The brain tumor at age 10 left me stumbling through childhood and feeling excluded. Ceramics was the way I found to build confidence in myself through functional pottery. Many years later, I began to explore the figure in clay while working as an assistant in the same ceramics studio I attended as a youth in Atlanta. Then on to New York City where a number of my studio years were spent simultaneously studying the human and equine figures. Human models were supplied by the New York Studio School and the Art Students League of New York. The hansom cab horses on Manhattan’s Westside provided the animal inspiration while all the time I was learning different techniques for casting these forms.
The movement of my work toward the abstract conceptual has grown out of a prolonged personal involvement with breast cancer. The work follows an exploratory path that reflects the realizations that come through an intense experience such as this. These understandings continue to show themselves as if doors of thought and intuition have been opened which I may not have been so fortunate to walk through had the chips fallen in a different way. Isn’t that true for all people in their experience?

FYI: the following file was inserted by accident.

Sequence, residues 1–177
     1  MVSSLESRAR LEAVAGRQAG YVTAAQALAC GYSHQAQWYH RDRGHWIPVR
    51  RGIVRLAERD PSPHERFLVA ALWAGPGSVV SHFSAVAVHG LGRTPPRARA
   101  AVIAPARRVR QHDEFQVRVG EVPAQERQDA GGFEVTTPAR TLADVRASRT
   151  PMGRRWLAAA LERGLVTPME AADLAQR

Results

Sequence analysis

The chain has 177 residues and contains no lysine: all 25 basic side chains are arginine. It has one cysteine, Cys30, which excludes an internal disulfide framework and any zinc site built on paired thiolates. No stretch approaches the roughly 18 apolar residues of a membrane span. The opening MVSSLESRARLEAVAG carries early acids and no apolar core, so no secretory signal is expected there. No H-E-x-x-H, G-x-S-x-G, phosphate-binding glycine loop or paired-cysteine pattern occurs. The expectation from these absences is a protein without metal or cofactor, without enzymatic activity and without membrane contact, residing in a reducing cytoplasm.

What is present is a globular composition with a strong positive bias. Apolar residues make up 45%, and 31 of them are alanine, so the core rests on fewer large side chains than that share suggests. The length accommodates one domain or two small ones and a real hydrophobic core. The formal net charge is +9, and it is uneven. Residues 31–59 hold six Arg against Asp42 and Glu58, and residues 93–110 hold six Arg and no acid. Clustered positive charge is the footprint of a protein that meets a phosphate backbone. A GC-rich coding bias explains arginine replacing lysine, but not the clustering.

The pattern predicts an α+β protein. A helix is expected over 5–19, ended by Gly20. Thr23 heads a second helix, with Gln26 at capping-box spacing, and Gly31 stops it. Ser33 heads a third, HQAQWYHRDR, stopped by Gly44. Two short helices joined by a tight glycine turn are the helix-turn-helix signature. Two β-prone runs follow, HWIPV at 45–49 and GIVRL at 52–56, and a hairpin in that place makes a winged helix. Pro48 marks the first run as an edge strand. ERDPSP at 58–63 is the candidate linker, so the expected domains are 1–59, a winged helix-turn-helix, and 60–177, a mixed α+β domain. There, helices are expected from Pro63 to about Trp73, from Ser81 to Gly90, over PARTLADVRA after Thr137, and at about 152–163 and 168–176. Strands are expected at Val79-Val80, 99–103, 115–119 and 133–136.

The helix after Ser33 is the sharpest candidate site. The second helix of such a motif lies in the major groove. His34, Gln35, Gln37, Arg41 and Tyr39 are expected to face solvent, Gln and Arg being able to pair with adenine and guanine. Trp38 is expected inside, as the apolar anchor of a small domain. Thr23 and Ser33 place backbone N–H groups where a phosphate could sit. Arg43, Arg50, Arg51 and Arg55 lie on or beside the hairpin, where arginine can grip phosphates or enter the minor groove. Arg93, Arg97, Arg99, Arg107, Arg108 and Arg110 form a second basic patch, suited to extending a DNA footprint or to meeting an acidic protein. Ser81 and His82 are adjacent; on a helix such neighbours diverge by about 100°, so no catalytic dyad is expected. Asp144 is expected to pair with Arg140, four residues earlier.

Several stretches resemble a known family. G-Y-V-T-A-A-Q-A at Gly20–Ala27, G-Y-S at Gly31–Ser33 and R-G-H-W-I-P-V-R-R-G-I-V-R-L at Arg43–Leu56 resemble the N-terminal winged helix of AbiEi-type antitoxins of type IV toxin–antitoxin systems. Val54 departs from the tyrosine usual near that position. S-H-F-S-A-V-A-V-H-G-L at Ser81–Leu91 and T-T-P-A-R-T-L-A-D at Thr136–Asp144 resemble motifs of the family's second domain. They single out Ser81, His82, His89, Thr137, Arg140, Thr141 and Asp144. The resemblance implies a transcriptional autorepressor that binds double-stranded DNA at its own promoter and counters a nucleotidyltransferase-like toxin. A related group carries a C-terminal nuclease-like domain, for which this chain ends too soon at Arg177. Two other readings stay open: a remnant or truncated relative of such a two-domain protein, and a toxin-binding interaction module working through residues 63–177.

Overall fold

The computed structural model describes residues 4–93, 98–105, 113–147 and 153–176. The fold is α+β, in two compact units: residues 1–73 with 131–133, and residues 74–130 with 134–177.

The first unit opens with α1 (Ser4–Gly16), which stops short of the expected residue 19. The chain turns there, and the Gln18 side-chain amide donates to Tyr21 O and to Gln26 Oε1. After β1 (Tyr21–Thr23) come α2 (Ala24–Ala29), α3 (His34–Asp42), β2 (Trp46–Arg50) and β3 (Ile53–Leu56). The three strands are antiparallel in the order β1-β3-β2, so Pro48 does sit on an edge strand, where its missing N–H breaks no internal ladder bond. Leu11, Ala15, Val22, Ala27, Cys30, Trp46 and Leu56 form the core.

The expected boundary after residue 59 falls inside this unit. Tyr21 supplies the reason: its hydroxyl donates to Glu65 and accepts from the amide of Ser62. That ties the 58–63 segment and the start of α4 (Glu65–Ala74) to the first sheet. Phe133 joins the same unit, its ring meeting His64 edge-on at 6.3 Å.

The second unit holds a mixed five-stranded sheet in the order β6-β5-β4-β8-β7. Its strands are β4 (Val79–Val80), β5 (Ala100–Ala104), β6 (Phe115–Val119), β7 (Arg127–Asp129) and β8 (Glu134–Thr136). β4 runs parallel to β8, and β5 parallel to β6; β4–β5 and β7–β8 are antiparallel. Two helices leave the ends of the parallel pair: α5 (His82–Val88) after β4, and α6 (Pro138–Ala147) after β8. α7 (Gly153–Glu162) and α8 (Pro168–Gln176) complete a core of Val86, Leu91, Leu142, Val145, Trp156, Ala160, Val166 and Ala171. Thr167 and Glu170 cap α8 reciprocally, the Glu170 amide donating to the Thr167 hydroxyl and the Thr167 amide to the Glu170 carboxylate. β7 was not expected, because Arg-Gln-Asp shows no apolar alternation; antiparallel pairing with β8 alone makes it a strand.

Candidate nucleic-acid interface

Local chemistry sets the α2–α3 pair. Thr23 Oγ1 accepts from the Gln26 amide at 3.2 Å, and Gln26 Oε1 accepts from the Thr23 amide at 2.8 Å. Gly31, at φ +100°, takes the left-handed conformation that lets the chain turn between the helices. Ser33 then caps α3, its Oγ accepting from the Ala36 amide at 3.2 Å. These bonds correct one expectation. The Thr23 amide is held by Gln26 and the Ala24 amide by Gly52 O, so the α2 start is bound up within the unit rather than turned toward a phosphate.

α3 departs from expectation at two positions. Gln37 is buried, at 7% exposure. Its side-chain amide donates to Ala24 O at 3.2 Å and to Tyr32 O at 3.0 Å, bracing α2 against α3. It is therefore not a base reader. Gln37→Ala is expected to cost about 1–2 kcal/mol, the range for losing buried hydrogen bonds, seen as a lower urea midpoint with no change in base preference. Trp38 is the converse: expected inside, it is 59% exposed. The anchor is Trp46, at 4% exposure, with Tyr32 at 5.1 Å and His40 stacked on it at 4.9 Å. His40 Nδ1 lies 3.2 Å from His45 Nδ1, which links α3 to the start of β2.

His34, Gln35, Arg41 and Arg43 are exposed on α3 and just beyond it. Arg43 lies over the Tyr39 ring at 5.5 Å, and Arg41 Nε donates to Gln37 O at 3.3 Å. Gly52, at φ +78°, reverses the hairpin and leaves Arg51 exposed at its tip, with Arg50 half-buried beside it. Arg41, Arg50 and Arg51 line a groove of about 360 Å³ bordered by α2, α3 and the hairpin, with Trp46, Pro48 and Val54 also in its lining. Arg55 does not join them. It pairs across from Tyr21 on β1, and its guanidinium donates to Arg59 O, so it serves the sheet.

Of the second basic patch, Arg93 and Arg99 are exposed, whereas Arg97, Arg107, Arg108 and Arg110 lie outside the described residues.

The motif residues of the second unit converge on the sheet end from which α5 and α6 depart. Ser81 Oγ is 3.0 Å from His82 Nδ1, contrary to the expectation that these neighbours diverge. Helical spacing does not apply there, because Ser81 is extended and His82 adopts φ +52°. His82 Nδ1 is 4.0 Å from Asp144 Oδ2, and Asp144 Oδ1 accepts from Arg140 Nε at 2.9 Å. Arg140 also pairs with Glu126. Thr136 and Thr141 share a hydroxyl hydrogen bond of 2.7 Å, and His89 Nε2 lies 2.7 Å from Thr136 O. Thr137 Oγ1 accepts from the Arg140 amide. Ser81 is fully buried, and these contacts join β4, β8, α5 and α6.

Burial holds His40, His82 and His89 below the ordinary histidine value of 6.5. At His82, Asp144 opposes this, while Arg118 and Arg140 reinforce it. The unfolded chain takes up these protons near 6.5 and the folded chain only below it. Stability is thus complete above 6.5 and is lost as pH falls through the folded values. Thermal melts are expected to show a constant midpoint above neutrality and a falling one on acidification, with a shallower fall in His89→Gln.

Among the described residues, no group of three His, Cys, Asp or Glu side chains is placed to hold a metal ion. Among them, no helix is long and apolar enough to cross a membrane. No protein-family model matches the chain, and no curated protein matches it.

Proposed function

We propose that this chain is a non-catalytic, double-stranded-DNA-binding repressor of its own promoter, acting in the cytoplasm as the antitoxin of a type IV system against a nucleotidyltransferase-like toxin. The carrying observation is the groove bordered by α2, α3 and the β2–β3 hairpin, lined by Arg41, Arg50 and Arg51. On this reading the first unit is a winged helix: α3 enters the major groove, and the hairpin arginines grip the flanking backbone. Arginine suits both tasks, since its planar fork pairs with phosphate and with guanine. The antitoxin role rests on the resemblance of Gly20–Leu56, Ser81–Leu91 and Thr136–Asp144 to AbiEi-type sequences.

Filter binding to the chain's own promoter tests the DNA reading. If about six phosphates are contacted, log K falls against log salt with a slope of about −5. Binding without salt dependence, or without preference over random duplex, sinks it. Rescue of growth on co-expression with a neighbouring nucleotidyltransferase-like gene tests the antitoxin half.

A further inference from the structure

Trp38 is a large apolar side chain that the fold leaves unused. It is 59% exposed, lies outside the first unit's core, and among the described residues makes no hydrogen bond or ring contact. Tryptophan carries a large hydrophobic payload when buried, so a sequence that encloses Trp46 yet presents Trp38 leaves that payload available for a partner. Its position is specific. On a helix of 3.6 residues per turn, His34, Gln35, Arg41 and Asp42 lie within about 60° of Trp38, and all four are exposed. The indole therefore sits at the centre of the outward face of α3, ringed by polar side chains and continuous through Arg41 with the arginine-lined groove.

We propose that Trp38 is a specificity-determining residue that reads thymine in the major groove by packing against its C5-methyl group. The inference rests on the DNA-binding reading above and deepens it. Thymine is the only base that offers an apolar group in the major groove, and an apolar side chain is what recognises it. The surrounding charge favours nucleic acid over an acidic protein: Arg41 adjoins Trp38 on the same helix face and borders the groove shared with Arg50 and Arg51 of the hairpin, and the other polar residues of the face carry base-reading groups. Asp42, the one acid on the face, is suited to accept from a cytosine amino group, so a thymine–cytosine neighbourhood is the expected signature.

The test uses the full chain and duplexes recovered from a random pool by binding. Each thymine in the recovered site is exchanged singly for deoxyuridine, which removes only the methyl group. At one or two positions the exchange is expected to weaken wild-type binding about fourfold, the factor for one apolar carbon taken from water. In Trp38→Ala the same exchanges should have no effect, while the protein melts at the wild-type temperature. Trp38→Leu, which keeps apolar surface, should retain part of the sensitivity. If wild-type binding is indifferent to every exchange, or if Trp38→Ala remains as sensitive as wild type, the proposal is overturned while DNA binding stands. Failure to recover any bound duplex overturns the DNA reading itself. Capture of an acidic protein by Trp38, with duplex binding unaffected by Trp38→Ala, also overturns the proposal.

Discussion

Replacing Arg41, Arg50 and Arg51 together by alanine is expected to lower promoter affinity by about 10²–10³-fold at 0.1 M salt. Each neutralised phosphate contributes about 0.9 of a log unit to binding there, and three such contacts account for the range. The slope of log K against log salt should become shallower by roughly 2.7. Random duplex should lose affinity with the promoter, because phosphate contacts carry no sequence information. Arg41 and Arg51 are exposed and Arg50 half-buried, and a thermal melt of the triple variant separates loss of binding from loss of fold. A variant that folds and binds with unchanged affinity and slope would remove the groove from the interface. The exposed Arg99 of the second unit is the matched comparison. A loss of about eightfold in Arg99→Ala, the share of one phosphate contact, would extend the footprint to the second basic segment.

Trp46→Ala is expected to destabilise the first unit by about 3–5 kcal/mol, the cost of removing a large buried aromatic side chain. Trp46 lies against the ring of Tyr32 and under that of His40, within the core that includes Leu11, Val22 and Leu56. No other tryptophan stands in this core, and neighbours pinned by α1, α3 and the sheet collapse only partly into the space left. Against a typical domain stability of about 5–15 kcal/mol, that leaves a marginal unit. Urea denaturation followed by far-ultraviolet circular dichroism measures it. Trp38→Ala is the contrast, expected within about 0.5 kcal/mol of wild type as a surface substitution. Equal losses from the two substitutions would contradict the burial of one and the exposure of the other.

The work is as much praise for the strength of the human spirit as a reaction to my own life changes. I focus on a search for balance in this life and on our overpowering instinct to move forward regardless of the obstacles. For a several years now, I have been investigating nurturing forms and spaces. This may be driven by the past, medical traumas and a need to continually create my own sense of security. Or it may stem from the emotionally driven questions that arise from non-motherhood. Who knows. It may not even be important as to where the work comes from but instead the conviction that it is moving in the right direction.